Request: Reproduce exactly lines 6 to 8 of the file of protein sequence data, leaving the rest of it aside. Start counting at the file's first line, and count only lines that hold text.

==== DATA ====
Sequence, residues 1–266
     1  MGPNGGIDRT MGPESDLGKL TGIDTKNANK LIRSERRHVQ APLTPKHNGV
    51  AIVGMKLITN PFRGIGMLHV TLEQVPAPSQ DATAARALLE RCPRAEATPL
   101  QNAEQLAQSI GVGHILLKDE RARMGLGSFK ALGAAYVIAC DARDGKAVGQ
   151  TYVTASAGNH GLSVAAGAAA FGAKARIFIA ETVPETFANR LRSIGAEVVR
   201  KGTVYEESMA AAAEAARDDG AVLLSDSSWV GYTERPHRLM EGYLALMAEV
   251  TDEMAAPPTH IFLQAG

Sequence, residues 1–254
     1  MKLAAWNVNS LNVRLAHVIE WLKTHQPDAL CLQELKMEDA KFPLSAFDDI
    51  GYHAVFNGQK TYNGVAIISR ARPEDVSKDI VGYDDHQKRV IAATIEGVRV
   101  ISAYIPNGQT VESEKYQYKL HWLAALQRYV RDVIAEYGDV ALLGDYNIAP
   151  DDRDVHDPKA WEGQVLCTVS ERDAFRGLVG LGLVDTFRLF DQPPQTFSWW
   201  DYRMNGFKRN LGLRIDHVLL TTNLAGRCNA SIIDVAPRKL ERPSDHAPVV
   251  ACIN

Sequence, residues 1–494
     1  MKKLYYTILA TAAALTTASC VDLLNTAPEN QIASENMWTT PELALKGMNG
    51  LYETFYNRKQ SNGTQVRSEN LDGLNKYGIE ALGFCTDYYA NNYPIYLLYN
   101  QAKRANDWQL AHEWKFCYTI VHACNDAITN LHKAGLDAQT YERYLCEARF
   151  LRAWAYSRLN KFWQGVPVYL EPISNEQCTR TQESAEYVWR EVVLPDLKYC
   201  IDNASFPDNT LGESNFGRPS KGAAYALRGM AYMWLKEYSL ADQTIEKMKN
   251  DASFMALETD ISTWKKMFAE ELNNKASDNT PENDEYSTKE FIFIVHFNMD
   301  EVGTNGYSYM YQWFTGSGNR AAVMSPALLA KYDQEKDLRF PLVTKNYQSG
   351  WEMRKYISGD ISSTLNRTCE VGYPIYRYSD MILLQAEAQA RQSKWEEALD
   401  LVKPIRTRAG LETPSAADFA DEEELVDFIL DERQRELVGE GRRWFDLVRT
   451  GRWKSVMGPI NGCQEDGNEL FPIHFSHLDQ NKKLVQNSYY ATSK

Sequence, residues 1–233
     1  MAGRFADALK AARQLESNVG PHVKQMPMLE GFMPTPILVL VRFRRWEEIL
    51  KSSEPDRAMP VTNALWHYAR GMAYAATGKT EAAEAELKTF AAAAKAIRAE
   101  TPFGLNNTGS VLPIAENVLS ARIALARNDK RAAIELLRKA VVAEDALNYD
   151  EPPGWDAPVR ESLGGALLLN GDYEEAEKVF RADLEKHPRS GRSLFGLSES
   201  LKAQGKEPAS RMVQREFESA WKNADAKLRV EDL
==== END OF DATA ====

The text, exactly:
   201  KGTVYEESMA AAAEAARDDG AVLLSDSSWV GYTERPHRLM EGYLALMAEV
   251  TDEMAAPPTH IFLQAG

Sequence, residues 1–254